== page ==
Clarkson Proud to Represent the Philippines

Jordan Clarkson sums up the pride he has in his Filipino roots with one image.

“After one of the natural disasters they had over there, I saw a picture where it’s flooded and kids are still playing basketball with the hoop still standing,” he said. “Just showing love for the game over there and how pivotal basketball is, how far it stretches. It’s crazy then just seeing the support I have from the Philippines.”

Despite being drafted just nine months ago, Clarkson already has plenty of that support. Born to a Filipino mother, Annette Davis, Clarkson is grateful for the people that his heritage has brought him close to, whether it’s through social media or in person.

“In Detroit, there was a big group that came to watch us play against Detroit,” he said. “They had a Filipino Heritage Night. I got to speak with them, take pictures, all that stuff. It’s crazy. I didn’t know it was going to be that much support from a fan base like that. But I’ve been learning about how basketball culture is over there. It’s great.”

Other than Nate Robinson — who is one-eighth Filipino — Clarkson is the first NBA player to represent the islands since Raymond Townsend played his last game in 1982.

Historically filled with Lakers fans, the Philippines’ love for the team continues to grow now that a Filipino-American is the starting point guard.

“They follow the Lakers,” Clarkson said. “Everybody’s a big Kobe fan over there. So it’s cool to be second to Kobe for them out there. It’s just one of those things: I’m blessed to have those people.”

Clarkson’s fellow point guard, Jeremy Lin, can relate to the rookie. As the first Chinese- and Taiwanese-American in NBA history, Lin knows the value of having an international fan base like Clarkson.

“I’m thankful that the fans care that much and they care about me,” Lin said. “I truly know that whatever team I go to, they’ll support me. It’s a great feeling to have. Not everyone gets to have that unique platform.”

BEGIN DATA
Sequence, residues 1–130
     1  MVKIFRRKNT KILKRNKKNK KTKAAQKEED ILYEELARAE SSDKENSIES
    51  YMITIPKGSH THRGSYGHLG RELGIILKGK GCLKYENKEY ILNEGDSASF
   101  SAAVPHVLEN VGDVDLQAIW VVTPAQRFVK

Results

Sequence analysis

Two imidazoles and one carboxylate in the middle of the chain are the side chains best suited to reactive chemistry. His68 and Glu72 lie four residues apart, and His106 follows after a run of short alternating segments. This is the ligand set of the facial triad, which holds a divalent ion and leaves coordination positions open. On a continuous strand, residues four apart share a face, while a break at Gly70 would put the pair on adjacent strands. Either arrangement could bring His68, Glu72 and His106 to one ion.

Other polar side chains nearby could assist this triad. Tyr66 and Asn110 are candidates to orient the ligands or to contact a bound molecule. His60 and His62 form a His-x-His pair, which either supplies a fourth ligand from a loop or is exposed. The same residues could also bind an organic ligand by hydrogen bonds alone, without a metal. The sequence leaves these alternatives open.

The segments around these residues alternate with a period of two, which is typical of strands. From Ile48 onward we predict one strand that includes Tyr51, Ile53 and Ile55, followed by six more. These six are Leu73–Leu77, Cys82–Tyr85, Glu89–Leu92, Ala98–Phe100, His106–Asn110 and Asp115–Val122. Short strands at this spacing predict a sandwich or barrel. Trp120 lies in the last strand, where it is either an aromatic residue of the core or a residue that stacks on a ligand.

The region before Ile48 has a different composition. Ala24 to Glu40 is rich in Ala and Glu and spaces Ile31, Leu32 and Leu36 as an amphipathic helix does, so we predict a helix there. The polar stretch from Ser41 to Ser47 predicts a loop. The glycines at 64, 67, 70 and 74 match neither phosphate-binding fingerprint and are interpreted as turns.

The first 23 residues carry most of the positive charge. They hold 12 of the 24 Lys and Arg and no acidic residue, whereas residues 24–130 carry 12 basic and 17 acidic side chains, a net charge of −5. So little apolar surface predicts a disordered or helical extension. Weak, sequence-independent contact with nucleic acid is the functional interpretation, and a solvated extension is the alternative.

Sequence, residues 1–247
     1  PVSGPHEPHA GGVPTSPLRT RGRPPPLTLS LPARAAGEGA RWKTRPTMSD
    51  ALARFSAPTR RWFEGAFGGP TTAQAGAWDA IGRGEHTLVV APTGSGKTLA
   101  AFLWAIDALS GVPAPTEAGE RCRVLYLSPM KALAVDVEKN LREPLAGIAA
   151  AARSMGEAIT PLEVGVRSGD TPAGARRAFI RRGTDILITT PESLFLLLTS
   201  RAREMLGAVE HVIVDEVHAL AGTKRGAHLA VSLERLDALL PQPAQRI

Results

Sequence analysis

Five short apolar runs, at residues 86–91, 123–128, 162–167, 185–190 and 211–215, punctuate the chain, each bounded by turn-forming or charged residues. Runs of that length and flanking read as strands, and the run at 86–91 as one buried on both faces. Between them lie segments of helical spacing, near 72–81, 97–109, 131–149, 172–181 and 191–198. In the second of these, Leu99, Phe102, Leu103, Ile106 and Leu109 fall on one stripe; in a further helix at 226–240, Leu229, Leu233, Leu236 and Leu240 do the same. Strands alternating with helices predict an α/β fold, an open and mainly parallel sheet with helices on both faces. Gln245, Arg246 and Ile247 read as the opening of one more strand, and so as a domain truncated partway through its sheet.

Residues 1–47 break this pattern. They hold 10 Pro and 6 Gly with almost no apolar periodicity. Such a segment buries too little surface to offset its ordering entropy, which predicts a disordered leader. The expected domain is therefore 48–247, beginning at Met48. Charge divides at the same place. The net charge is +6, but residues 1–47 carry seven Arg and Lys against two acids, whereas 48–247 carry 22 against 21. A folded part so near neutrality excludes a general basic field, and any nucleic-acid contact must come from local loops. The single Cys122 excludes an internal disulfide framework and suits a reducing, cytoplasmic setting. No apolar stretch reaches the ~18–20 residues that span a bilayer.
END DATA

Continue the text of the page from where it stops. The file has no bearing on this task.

For his part, Clarkson is making the most of his platform. Though he is ineligible to play for the Philippines national team due to a FIBA rule that mandates players acquire dual citizenship before they turn 16, Clarkson is looking to secure an exemption so he could play for Gilas Pilipinas.

“It definitely would mean a lot,” he said. “It’s just one of those things you want to do, like how I want to make my city proud and make that country proud as well.”

The 22-year-old also wants to make his first trip to the Philippines this summer. He hasn’t yet worked out the details for his visit, but Clarkson looks forward to seeing his mother’s home country.

“I haven’t been there yet,” Clarkson said. “But I’ve heard it’s a great place to go and experience everything — especially to see the basketball culture. I’ve heard they have outside courts that are nicer than some of the indoor courts and stuff like that. It’s going to be a blessing to go over there.”

While Clarkson is proud to be the lone Filipino in the NBA, he wants to see more join him soon. He hopes his journey to the league can serve as a path for the generation behind him.

“I feel like I was a kid over there watching somebody else that made it, it would give hope,” Clarkson said. “I’d want to do the same thing and continue to work hard and continue to put effort into basketball. I know some kids out here in L.A. like (Cathedral High’s) Kobe Paras that are doing well, and hopefully they’ll be on this level soon.”